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Mr John Ruskin

John Ruskin, author, poet and artist, influenced not only Victorian social thinking on art, but also the Edwardians' understanding of the subject. He was the Slade Professor of Fine Art at Oxford between 1870 and 1890.

Early Life: John Ruskin was born on February 8, 1819, in London, England, to a prosperous family. His father, John James Ruskin, was a wine merchant, and his mother, Margaret Cox, instilled in him a love for literature and the arts. Ruskin's early education was diverse, encompassing drawing lessons, natural history, and exposure to classical literature.

Educational Journey: Ruskin attended Christ Church, Oxford, where he studied a wide range of subjects, including art, poetry, and geology. His encounter with J.M.W. Turner's paintings during his travels kindled his passion for art. This experience marked the beginning of Ruskin's lifelong appreciation for the interplay between art, nature, and society.

Pioneering Art Critic: In 1843, Ruskin published the first volume of "Modern Painters," a groundbreaking work that reshaped art criticism. His eloquent defense of J.M.W. Turner's work, coupled with his philosophical reflections on the relationship between art and nature, garnered attention and established him as a leading art critic of his time.

Marriage and Travels: In 1848, Ruskin married Effie Gray, but the marriage was eventually annulled in 1854. Despite the personal challenges, Ruskin continued his extensive travels, exploring Europe and recording his observations in works like "The Stones of Venice" (1851-1853). His travelogues combined art criticism, architectural analysis, and social commentary.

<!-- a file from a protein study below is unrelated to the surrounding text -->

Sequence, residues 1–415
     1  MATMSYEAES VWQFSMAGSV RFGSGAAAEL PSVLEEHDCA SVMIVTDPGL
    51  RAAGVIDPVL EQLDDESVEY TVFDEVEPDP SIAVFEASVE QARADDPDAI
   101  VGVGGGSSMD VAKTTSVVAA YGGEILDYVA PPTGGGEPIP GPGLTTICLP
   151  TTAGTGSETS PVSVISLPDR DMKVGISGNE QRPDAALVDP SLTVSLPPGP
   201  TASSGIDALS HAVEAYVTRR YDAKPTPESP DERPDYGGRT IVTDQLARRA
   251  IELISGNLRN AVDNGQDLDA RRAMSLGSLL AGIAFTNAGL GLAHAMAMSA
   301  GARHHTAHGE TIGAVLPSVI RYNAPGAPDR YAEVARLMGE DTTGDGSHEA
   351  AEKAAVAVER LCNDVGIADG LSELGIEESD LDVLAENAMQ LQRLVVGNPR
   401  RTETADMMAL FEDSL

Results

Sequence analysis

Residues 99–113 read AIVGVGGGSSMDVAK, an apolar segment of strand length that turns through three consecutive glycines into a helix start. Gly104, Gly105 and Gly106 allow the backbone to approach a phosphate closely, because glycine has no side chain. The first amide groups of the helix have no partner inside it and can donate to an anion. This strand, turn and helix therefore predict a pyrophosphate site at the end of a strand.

Social Reformer and Writer: Ruskin's interests extended beyond art to social and economic issues. His writings, including "Unto This Last" (1860), advocated for economic justice and criticized the dehumanizing effects of industrialization. Ruskin's ideas influenced political thinkers and social reformers, including Mahatma Gandhi.

Educational Reforms: As a proponent of education, Ruskin founded the Working Men's College in London in 1854, aiming to provide practical education and artistic training to working-class individuals. His vision emphasized the importance of a holistic education that combined arts and sciences.

Later Years and Legacy: In his later years, Ruskin faced challenges related to his mental health. Despite this, he continued to write prolifically on various topics, including art, social issues, and his autobiography, "Praeterita" (1885-1889).

Towards the end of his life, John Ruskin suffered a series of mental breakdowns and died at his home, Brantwood, in 1900,
leaving behind a legacy that transcended art criticism. His influence on the Pre-Raphaelite Brotherhood, the Arts and Crafts Movement, and his contributions to social reform have solidified his place as a multifaceted figure in the 19th-century cultural landscape.


  1. Ruskin, John. "Modern Painters." Various volumes (1843-1860).
  2. Ruskin, John. "The Stones of Venice." (1851-1853).
  3. Ruskin, John. "Unto This Last." (1860).
  4. Ruskin, John. "Praeterita." (1885-1889).
  5. Hilton, Tim. "John Ruskin: The Later Years." Yale University Press, 2000.
  6. Hewison, Robert. "John Ruskin: The Argument of the Eye." Princeton University Press, 1976.
  7. Cook, E. T. "The Life of John Ruskin." George Allen, 1911.

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